The international community has recognised the need to deal with the problem of piracy. The United Nations, regional bodies, international organisations and individual states are all making important contributions.
I recognise the counter-piracy efforts of the African Union, East African and Indian Ocean States, the US-led Combined Maritime Force of 26 countries (to which Australia contributes), the North Atlantic Treaty Organisation (NATO), the European Union, India, China, Japan, Korea and others.
Australia’s operational contribution
Australia is making a significant contribution to counter both the symptoms and causes of piracy, as well as improved regional dialogue and coordination.
In the Horn of Africa, the Royal Australian Navy contributes a frigate to the Combined Maritime Forces, which is flexibly cross-tasked between the counter-terrorism, counter-piracy and Gulf maritime security task forces.
Australia is a member of the United Nations Contact Group off the Coast of Somalia. We contribute to legal and operational working groups, and the Shared Awareness and Deconfliction group which helps to coordinate Combined Maritime Force, NATO and European Union counter-piracy efforts.
A member of the Australian Defence Force was recently seconded to the UN Office for West Africa to contribute to maritime security and counter-piracy capacity building. We will seek to build on this foundation as we look for opportunities to use our experience in this region to help build maritime security capacity in West Africa.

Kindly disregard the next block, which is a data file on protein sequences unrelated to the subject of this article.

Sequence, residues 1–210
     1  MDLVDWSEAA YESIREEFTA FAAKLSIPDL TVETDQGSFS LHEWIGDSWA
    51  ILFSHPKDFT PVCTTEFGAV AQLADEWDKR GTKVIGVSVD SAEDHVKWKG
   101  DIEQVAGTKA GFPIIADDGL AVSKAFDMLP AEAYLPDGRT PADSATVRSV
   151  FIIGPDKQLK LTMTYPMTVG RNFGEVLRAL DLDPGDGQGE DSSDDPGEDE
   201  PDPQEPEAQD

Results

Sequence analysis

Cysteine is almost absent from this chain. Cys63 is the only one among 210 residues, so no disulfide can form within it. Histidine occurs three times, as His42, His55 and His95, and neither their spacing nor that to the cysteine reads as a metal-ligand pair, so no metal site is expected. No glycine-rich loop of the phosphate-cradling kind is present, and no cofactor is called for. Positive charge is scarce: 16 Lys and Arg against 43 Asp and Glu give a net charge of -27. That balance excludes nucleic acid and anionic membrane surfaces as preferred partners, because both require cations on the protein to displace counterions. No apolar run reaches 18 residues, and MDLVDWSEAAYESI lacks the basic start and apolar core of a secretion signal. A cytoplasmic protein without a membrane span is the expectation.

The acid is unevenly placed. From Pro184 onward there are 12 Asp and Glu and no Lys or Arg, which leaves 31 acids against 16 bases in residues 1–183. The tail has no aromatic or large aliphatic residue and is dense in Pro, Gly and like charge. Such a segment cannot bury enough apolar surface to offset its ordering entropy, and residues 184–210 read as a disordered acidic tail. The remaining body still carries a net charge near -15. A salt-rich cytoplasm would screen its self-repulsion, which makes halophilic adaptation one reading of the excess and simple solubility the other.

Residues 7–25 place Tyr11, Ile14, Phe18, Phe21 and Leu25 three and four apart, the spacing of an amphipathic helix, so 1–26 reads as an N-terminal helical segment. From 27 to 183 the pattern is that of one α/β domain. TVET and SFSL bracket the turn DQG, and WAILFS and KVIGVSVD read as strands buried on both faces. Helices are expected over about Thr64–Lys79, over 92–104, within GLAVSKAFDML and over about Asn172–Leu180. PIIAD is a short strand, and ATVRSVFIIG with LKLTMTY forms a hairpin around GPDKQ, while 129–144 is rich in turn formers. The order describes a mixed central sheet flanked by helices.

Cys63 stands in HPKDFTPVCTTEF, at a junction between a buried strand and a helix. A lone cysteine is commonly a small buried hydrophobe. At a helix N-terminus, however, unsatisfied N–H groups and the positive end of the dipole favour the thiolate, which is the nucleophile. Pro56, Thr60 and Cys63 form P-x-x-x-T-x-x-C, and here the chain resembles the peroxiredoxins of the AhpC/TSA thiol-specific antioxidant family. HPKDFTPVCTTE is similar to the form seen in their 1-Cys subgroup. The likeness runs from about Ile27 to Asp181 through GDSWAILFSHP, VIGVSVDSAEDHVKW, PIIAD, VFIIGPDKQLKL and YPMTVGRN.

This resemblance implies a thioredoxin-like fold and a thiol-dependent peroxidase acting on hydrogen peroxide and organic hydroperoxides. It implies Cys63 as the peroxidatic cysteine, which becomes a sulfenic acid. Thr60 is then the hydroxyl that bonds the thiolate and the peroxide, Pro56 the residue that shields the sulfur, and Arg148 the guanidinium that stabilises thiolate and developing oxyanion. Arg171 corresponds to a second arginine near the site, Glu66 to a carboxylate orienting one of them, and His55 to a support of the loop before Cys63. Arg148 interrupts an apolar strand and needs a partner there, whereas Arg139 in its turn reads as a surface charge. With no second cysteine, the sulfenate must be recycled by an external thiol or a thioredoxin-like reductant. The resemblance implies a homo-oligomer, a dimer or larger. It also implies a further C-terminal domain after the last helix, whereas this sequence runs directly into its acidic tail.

Australia also seconds navy officers to the UK-led Maritime Trade Operations cell in Dubai, which provides liaison and coordination for ships travelling through the region.
We are seeing the gains of military operations. However, until we address the root causes of piracy, our work will need to continue.
Dealing with symptoms and causes
As we improve our capacity to intercept attempted acts of piracy with a military and policing response, the next challenge will be to address the causes of piracy and to implement an effective system to prosecute apprehended pirates. We must work together to find such a solution.
Without seeking to oversimplify a complex problem, a lack of economic and employment opportunity, coupled with ineffective policing and judicial systems onshore are significant factors contributing to the growth of offshore piracy in some parts of the world.
Stabilising the situation in Somalia is a long-term task essential to efforts to reduce piracy in the Horn of Africa.
The international community must respond to piracy in the Horn of Africa by supporting nations in the region to establish legal and policy frameworks for preventing piracy and for detaining and prosecuting suspected pirates when their ventures are disrupted.
Australia recognises that regional states in the Horn of Africa require support and assistance to successfully prosecute alleged pirates.
Dealing with suspected pirates after detention is a significant challenge for international forces operating off the Horn of Africa.